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Nigeria’s absence in 1.2bn people’s market



Nigeria’s absence in 1.2bn people’s market

Nigeria’s failure to sign the free trade pact with some other African countries, last week, is indeed an indirect denial of a new market explosion and job creation as espoused by experts. SUNDAY OJEME reports


Since the debate over last week’s endorsement of the Continental Free Trade Area (CFTA) gathered momentum, some stakeholders in Nigerian government and the economy appear to have been looking at the issue from a single perspective, which is the fact that Nigeria currently lacks the infrastructure and wherewithal to compete with some of the participants.

In spite of this widely accepted decision hugely put forward by labour, trade bodies as well as the organised private sector, representatives of the countries that endorsed the agreement, however, believe it is one of the best things to have happened to the African continent in a long while.
Report has it that the AfCFTA is an agreement cast in the mold of the European Union’s version and also gives birth to the world’s largest free trade area since the World Trade Organisation (WTO), which was formed in 1995.

Rather than be sober over the failure of successive government to build infrastructure and encourage entrepreneurship in the country over the years, the purveyors of the anti-free trade arrangement are rather happy over President Mahammadu Buhari’s refusal to sign an agreement that would have further provided a means of livelihood for millions of idle and already engaged Nigerians.

While they see it as a disadvantage to the country, Africa’s renowned investment experts believe otherwise, as the project is considered an economic trigger that will benefit all and sundry and further cement the relationship among the countries involved.
Econet Group Chairman, Strive Masiyiwa, he described the CFTA as an avenue to unleash a market of 1.2 billion people with a Gross Domestic Product (GDP) of over $3 trillion (bigger than Russia, and almost equal to India).

“This deal has involved 10 years of hard negotiations by trade and finance ministers from every African country. What a privilege to see African leaders put pen to paper on this. There are 29 Heads of State and Government here,” he said.
“For entrepreneurs this deal means we are a step closer to one African market. We can now build really big continental companies. It will mean more jobs, as it will help draw investment. It will mean the type of prosperity we see in the countries of Asia.
“Don’t allow the fearful to do what they always do…spread their fear to you. We have to make this work. Talk about it. Take charge. Lead,” he said.
The same excitement cut across all members of the over 40 countries that put pen on paper endorsing what the two biggest economies in Africa, Nigeria and South Africa, shied away from.

However, in defending its position against the Federal Government signing the agreement because of the likely negative impact on private businesses and the country’s economy, the Nigerian Labour Congress (NLC) said the probable outcome of the policy if given life may have a crippling effect on local businesses and attendant effects on jobs.

“We have no doubt this policy initiative will spell the death knell of the Nigerian economy.” the NLC President, Ayuba Wabba, said.
He expressed concern that the agreement, which is aimed at liberating the African economy by creating a free trade area for all 55-member states of the African Union (AU) may end up doing more harm than good because of the sensitivity of the policy and its possible negative impact on the country’s economy and privately owned industries.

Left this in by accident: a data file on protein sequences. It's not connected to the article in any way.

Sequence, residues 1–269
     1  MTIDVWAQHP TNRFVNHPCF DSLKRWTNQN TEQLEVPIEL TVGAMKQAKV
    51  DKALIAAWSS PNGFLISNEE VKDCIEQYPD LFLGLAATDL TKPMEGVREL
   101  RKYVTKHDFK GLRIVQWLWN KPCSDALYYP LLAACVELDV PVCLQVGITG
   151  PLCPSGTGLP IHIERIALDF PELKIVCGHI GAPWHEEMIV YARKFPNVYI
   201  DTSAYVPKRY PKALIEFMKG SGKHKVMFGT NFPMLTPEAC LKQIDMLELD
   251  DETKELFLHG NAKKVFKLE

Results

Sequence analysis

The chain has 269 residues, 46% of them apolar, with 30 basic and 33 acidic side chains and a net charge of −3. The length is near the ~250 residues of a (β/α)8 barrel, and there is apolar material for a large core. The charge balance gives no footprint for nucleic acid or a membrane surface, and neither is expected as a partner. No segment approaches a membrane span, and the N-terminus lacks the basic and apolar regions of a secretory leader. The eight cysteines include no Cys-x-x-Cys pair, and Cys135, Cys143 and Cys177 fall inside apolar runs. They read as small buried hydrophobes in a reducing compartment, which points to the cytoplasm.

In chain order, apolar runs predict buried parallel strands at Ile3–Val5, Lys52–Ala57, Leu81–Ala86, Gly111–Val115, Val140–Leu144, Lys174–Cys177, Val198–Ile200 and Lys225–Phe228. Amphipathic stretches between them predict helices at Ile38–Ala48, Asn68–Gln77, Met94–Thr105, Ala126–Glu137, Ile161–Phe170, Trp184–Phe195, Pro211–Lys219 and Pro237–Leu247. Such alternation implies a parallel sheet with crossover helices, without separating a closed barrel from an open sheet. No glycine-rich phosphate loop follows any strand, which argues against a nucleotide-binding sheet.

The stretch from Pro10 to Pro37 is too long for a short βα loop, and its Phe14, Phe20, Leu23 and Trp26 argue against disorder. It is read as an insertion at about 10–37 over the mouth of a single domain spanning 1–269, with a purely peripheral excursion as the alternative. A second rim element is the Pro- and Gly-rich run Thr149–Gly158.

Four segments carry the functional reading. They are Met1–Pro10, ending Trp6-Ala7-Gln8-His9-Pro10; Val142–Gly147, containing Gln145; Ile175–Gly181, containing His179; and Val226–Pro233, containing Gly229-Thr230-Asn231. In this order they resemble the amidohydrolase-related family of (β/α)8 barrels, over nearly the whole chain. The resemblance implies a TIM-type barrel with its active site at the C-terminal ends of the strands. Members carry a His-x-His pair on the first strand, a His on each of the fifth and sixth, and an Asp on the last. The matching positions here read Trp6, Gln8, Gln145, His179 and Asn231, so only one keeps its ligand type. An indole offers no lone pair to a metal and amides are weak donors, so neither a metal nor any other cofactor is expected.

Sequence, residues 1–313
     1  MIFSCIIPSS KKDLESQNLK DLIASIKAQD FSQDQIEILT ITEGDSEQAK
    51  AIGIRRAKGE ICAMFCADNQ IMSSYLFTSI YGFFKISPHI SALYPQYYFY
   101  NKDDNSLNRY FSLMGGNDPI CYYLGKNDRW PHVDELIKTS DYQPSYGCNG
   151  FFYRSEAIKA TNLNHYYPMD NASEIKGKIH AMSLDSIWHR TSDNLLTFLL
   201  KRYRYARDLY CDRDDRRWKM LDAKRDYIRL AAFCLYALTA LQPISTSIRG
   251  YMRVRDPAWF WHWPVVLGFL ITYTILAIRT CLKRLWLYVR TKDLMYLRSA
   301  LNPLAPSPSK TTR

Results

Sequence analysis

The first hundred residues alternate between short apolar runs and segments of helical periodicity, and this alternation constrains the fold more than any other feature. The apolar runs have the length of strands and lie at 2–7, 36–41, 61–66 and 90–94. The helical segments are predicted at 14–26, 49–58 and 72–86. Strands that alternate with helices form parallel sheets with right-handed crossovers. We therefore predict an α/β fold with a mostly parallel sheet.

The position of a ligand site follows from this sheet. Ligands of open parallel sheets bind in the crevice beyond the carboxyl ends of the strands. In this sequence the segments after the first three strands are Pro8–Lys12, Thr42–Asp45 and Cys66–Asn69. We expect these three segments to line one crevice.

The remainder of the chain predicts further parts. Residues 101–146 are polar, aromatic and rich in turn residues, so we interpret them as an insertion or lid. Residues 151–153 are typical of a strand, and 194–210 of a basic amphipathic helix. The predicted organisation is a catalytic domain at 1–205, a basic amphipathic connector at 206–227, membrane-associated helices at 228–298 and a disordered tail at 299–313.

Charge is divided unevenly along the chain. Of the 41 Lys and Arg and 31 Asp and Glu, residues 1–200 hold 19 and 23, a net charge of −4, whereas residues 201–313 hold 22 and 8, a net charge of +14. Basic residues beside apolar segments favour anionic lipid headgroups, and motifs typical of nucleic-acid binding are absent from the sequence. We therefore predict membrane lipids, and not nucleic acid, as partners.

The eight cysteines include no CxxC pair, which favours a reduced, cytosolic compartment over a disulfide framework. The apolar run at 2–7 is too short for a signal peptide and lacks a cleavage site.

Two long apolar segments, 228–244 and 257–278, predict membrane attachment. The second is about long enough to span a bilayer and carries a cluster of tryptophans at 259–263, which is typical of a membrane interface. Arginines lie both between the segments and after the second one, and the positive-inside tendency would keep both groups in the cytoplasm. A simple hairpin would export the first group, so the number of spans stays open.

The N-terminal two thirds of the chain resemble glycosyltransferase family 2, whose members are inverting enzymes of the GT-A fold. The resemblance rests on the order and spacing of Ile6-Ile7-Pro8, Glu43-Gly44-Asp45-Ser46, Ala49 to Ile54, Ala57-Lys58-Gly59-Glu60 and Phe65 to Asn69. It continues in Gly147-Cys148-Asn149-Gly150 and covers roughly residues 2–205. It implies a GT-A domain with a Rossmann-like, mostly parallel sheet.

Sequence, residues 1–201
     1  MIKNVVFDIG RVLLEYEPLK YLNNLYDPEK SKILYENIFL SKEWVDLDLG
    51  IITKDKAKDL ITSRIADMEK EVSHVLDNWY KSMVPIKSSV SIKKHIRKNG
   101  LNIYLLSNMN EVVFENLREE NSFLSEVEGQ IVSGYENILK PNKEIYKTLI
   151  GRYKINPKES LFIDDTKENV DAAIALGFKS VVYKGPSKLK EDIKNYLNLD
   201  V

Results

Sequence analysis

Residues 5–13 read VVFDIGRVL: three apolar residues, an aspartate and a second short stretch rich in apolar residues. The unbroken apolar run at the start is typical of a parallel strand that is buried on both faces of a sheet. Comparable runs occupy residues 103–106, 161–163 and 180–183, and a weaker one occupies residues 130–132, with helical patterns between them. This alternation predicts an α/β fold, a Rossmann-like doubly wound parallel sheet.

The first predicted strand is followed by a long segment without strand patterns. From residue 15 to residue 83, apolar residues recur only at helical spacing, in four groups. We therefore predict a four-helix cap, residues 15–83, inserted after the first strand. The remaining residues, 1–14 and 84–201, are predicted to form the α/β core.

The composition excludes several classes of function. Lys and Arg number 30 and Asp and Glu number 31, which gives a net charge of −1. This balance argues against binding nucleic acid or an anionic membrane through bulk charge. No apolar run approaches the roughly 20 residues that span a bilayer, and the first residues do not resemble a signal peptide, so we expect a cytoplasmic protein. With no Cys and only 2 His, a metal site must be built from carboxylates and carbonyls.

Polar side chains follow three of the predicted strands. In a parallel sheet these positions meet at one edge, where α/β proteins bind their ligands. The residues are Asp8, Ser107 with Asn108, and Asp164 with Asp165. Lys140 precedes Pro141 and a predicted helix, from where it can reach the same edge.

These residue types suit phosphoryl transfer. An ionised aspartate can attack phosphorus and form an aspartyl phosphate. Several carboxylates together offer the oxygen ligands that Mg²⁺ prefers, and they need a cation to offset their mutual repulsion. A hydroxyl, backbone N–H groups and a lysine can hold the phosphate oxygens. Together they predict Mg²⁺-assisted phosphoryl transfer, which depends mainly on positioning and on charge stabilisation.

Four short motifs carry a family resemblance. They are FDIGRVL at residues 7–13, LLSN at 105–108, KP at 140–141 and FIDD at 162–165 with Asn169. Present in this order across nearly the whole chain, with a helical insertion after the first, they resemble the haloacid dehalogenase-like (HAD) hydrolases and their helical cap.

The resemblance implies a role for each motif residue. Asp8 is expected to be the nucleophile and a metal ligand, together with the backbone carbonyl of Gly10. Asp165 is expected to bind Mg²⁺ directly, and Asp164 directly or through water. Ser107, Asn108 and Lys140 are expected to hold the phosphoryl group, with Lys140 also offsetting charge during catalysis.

On his part, a former Director General of Nigeria Association of Chambers of Commerce Industries Mines and Agriculture (NACCIMMA), Dr John Isemede, believes Nigeria will not really gain from the arrangement, stressing that
Nigeria’s trade agreements had even worked to her disadvantage due to poor export capacity in non-oil and low industrial capacity.

“There is a need to review trade agreements and policies at this time because most of the developed countries we see today grew by closing down their borders for a while “ he said.
“Take a look at AGOA for instance, for 10 years, only very few exporters have been able to export under the platform due to poor information and lack of proper documentation.
“We have rice mills and farms that are barely functioning, except for the new intervention of the UNIDO and Bank of Industry to empower farmers and this apparently is not enough.
He advised the Federal Government to look at the critical details involved in the agreement, adding that there must be a balance between import and export for a country like Nigeria to benefit from any trade agreements.

Expert advice
However, as much as those kicking against the arrangement have expressed their opinions, the enormity of the country’s wrong decision in this regard was highlighted by former President Olusegun Obasanjo, who criticised President Buhari for not endorsing the agreement.
He said, “That President Buhari didn’t sign the free trade agreement in Kigali is disappointing; I hope he signs it before it is too late.

“Egypt started the discussion on the formation of the Organisation of African Unity but didn’t conclude it and Nigeria took over. Nigeria was also central to the discussion of the free trade agreement, but I am surprised that the country withdrew from signing.”

Last line
As the 44 countries that endorsed the arrangement move a step further in their economic development, it is believed that the Nigerian government would urgently put the necessary mechanism in place and follow up the process by joining its colleagues and if possible, take the leadership role in the new dream for the continent.

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